Not many places in Seattle serve their burgers with a side of ass-shaking. Nate Watters

I didn't go to the Can Can Culinary Cabaret's new show, The Legend of El Dorado, for the plot. I went for the butts. And the food.

The actual legend of El Dorado is many things: a man, a myth, a kingdom pursued by the Spanish Empire. It isn't something that easily translates into an hour-and-a-half dinner cabaret.

Thankfully, it turns out that Can Can's El Dorado is more concerned with booty shorts, high kicks, and stripteases than staying faithful to a narrative.

Can Can describes The Legend of El Dorado as a "badass women-on-the-run story" that's "all-new, all-original, all-fishnets." Set in a "cinematic desert-scape" where a "women-led gang is kicking ass and taking names," El Dorado lets its cast and crew do what Can Can does best: wine and dine you, put on a little razzle-dazzle, and get (mostly) naked. I love it every time I go.

When you enter the Pike Place Market–adjacent club, a host immediately whisks you down to their "absinthe and craft cocktail bar." This time, I was offered mezcal. I felt wooed. (Pro tip: Can Can's cocktail bar is open 5 p.m. to close Wednesday through Sunday, and there's no cover to drink there.)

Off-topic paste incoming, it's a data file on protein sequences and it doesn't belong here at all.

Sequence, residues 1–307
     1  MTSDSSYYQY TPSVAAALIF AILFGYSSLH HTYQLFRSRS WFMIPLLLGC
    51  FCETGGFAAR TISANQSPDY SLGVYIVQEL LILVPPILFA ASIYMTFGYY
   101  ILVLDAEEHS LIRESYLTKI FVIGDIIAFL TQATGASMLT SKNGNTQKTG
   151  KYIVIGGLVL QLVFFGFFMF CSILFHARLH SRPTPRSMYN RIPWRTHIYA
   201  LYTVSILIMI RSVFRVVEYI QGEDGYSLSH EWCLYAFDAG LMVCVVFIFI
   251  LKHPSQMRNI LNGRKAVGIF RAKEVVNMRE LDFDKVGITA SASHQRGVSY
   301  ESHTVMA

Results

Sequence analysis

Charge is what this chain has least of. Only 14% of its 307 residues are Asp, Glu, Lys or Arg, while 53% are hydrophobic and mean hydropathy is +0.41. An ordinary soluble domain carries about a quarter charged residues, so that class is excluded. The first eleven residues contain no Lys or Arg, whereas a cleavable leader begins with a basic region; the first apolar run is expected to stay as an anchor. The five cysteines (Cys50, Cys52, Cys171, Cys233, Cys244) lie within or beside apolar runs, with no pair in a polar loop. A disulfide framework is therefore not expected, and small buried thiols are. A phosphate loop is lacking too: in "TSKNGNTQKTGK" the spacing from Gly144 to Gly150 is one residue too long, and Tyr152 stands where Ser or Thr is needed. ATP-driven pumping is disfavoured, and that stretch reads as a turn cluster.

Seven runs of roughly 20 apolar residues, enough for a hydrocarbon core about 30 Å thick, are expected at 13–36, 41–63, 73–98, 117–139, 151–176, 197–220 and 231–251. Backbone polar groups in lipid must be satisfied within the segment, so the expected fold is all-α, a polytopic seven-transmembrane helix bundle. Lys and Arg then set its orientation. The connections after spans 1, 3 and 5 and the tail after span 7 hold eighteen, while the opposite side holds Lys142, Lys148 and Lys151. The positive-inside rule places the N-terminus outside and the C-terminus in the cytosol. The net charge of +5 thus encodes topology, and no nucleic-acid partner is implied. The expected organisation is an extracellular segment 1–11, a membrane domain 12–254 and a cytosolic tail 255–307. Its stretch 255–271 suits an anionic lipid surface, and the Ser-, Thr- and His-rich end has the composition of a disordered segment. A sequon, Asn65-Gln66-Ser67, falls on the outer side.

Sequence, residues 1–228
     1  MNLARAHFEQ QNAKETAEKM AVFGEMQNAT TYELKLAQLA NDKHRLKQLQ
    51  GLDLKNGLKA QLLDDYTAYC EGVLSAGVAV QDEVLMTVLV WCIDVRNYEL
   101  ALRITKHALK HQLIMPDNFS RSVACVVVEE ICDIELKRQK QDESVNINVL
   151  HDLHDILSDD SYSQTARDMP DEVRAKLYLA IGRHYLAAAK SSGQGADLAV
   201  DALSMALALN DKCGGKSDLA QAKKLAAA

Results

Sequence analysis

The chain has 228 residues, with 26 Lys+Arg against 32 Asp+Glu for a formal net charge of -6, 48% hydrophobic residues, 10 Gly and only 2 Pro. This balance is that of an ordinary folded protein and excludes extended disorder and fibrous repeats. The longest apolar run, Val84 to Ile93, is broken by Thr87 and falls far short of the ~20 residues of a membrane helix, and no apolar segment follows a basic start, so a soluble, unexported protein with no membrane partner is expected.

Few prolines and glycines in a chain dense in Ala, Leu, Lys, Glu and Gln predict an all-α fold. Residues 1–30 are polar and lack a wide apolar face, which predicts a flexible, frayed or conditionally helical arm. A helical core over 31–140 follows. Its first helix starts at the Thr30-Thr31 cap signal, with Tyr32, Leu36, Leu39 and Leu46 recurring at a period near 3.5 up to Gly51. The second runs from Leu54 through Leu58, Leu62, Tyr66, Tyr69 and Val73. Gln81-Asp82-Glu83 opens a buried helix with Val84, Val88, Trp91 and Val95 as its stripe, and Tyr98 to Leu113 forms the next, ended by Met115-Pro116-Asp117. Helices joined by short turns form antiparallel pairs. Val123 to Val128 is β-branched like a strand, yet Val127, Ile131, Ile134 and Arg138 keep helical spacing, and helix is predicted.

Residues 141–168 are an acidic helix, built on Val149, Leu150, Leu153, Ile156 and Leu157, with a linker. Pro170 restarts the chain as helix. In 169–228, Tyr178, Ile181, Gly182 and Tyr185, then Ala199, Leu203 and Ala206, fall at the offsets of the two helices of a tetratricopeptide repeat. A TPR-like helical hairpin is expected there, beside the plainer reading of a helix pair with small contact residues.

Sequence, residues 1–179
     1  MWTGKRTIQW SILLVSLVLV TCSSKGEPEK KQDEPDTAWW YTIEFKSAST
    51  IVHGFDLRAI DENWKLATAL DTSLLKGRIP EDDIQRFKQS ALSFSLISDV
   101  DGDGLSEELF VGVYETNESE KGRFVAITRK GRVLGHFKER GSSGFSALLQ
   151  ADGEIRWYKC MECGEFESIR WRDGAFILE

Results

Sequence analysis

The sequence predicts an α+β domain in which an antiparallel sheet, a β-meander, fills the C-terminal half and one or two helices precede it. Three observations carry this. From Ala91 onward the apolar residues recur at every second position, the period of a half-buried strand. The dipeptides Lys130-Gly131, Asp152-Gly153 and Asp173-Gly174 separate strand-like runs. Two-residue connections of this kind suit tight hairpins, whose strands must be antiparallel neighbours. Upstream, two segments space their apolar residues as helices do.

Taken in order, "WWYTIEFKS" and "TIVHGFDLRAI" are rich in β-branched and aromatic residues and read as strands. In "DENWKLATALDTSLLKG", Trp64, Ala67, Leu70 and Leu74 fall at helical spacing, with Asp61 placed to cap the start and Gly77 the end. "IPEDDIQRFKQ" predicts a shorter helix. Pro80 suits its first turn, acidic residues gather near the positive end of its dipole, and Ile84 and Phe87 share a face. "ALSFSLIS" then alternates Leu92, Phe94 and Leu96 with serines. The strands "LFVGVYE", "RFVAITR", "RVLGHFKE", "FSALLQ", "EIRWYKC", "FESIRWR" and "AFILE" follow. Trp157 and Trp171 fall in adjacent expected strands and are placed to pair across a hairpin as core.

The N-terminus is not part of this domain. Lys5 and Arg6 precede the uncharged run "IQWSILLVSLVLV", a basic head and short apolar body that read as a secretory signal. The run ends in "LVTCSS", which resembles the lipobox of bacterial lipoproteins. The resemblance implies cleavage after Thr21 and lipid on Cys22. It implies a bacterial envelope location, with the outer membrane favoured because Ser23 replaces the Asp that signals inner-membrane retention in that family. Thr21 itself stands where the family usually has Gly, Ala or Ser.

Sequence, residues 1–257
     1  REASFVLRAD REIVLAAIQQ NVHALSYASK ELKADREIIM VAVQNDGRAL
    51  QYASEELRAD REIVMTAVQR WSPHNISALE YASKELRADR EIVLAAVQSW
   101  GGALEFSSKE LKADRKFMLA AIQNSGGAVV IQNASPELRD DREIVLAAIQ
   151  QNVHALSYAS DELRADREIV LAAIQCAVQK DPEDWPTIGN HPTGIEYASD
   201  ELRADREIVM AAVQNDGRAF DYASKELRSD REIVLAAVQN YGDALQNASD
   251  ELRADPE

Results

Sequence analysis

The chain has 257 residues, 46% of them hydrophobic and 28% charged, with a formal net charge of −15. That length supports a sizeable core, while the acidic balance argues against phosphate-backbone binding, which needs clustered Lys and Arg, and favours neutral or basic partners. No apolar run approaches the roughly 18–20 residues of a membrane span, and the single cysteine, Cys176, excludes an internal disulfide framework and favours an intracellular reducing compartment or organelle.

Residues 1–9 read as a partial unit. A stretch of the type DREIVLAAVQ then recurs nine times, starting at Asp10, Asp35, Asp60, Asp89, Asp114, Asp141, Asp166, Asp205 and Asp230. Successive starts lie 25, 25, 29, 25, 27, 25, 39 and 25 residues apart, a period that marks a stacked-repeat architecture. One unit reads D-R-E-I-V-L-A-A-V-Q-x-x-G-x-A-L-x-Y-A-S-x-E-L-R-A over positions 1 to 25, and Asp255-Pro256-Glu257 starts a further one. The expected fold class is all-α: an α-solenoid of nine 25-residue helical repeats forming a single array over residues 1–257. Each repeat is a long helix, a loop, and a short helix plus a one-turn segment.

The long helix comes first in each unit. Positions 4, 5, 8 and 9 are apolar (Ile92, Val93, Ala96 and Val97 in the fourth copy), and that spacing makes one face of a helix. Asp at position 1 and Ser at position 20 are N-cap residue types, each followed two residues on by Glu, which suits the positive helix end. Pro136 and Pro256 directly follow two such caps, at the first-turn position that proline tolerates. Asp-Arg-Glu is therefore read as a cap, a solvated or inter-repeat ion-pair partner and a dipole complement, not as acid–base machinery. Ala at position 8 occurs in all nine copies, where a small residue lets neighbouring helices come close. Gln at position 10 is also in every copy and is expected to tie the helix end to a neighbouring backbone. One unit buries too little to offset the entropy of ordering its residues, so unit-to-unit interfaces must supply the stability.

Monica Seward is the venue's head chef, creating a menu that's fresh from the market. The full-course dinner menu has options like top sirloin, falafel, and seasonal market fish, but I went for the Can Can burger and added truffle fries.

El Dorado is hosted by Jonny Boy (Jonathan Betchtel), an energetic and gregarious performer with timing as quick as the show's costume changes. When he's not dancing, Jonny Boy says he's "at the gym or welding something," which sounds porny but makes sense when you see him. He's jacked.

In this show, Jonny Boy acts as one half of a sheriff duo, the other half played by Jordan Taylor. At one point, the two rock back and forth on a giant wooden pony. It's hot and stupid.

Most of the show focuses on Taylor, who is funny and has a great butt. (I'll say it again: They all have great butts.) Taylor spends the whole show falling irrationally in love with a leader in the aforementioned girl gang, played by Jasmine Jean-Sim. He's supposed to be arresting her, but he can't, because his love has arrested him. (Again, the show has nothing to do with the legend of El Dorado.)

As I ordered my second mezcal at intermission, I thought about how hard it is to get a good drink next to a nearly naked dancer. In strip clubs here, it's illegal to serve alcohol.

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While the Can Can Culinary Cabaret is not a strip club—it's a cabaret!!!—I stand by Stranger writer Rich Smith's contention that Seattle's excellent cabaret and burlesque scenes have a lot to do with Washington State's ridiculously strict stripper laws. Without booze, our clubs feel serious and pious—like church with boobs.

Seattle may never get the strip clubs it deserves. But for now, we have the Can Can. And damn, they have a good burger.